The second obstacle Ford had to overcome was the impression some had that he was only interested in helping the football players.
“The hardest part was going to basketball or to tennis or to track and talk to them. They saw me as a football guy,” Ford said. “Even to this day, it’s very important for me to make kids feel like I’m here for everybody.”
Three decades later, the academic support program that Ford started in 1978 now serves more than 500 student-athletes per year in all sports. Ford said he is most proud of the fact that a high percentage of the student-athletes who come to West Virginia will eventually leave with their degrees.
“Playing sports is not a given. It’s a privilege to play sports,” he explained. “I really believe the key to this whole thing is getting an education. I know it sounds corny, but I think sports has gotten to be such a business and I think we’ve gotten away from that, and I worry about the kids coming in today because they see (professional athletes) making large sums of money and it’s just unreal. That check you get playing professional sports is not the real check you get in life.”
Ford says West Virginia University’s national reputation has come a long, long way during his career here.
“When I came from D.C. people thought Richmond was the capital of West Virginia. Now we’re on the map,” Ford said. “Don brought the football program along. He had the undefeated season (in 1988) and people started talking about us. Then Rich (Rodriguez) took us to the top five.
“I remember we would go into a school and we would have to wait around until school was over (to talk to a prospect),” said Ford, recalling his days as a football recruiter. “If Ohio State went in they got first priority and we would sit there and wait for Ohio State to finish. Now when we go into a school we get respect. We can go anywhere in the country with that (flying) WV on and you are going to come across West Virginia people.”
On Friday afternoon, Ford, who is officially retiring June 30, will once again come across hundreds of former teammates, colleagues, coaches and WVU student-athletes that he has touched in one way or another through the years. Ford admits it will be difficult controlling his emotions.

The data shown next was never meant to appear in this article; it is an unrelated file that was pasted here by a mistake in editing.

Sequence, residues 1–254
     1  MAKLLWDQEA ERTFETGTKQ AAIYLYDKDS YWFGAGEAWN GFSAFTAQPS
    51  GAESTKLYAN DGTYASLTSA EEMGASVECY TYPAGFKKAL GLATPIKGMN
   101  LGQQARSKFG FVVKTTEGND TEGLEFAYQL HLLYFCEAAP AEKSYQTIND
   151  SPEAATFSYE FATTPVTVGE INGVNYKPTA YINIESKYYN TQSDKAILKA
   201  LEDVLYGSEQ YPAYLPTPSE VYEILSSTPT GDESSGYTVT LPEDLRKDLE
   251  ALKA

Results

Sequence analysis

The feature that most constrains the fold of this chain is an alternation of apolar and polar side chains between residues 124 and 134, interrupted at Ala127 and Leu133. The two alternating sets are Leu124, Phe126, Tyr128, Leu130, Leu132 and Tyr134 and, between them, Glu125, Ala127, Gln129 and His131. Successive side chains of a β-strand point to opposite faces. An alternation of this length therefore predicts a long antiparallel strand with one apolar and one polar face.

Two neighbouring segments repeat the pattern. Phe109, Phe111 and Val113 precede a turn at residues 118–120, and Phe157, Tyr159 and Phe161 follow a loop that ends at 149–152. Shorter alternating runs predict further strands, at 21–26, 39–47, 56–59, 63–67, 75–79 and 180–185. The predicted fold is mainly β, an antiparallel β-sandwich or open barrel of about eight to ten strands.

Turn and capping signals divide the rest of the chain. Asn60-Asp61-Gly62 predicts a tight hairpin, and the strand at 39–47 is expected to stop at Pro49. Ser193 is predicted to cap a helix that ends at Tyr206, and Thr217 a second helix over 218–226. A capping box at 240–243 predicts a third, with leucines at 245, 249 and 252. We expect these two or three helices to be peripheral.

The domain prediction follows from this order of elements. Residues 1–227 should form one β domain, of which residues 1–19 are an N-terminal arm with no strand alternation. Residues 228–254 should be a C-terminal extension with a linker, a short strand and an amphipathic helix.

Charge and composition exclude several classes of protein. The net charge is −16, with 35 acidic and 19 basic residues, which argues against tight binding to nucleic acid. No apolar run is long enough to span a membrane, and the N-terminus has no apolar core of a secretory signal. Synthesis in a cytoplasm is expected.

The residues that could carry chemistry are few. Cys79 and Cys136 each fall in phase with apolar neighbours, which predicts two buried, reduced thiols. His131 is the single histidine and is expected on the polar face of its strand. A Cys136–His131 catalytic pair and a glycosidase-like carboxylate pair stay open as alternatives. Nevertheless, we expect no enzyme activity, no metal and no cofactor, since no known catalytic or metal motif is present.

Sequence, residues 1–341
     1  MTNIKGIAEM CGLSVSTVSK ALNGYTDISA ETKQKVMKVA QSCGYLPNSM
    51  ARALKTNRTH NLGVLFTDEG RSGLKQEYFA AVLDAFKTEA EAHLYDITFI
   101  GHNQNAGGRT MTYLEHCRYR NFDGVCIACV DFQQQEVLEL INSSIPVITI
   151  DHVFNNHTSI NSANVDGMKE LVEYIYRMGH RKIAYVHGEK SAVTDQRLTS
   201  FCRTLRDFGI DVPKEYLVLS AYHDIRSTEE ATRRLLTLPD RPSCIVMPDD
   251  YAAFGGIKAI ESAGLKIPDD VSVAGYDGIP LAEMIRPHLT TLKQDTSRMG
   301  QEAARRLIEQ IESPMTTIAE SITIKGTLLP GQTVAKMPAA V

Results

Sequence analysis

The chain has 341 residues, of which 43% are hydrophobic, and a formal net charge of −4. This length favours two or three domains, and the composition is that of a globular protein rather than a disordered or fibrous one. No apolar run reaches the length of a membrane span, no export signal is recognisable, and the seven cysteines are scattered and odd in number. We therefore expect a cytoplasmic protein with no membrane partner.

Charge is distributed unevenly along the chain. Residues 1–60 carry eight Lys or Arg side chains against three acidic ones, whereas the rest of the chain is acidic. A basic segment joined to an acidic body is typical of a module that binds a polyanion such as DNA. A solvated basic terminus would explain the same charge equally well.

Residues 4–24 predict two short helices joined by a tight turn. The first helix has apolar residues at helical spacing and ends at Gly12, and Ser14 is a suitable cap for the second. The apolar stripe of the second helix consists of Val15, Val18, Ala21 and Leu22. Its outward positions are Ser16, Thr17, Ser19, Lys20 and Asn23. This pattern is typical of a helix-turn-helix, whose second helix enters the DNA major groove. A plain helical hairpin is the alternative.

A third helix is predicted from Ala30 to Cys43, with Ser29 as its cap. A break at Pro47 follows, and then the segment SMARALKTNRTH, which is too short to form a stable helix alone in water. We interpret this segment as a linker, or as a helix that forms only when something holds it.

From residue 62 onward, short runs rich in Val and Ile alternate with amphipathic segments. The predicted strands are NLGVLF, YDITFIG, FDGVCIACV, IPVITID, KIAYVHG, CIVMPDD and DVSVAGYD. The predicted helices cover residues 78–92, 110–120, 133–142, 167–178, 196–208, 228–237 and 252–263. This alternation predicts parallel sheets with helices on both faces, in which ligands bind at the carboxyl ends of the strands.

“I will be a mess over there,” he laughed. “When you reach a certain age you start getting emotional.”
Ford is proud of what he has accomplished during his four decades of service to West Virginia University, and rightfully so.
“Our kids graduate,” he said. “We don’t always get player one, two or three from Florida. We get maybe eight, nine or 10, and when they come up here we work with them. We do a good job with the kids because we stay on top of them. A coach from Florida knows if he sends one of his kids to West Virginia there is somebody here to look out for him. New York, Philly, D.C. … the same thing. We’ve got a good thing going here.”
Ford, 66, says he plans on spending more time with his family - his childhood sweetheart Thelma, their two grown children Tracie and Garrett Jr., and their five grandchildren. Tracie is living in Chapel Hill, N.C., while Garrett Jr., a former WVU running back playing for Nehlen, is now residing in Detroit.
Ford bought a place in Ocala, Fla., five years ago and he plans on spending time down there as well.
“It’s going to be an adjustment for me not being here,” he said.
After 44 memorable years at the same place not having Garrett Ford around every day will be an adjustment for everyone.
Follow John Antonik on Twitter: @JohnAntonik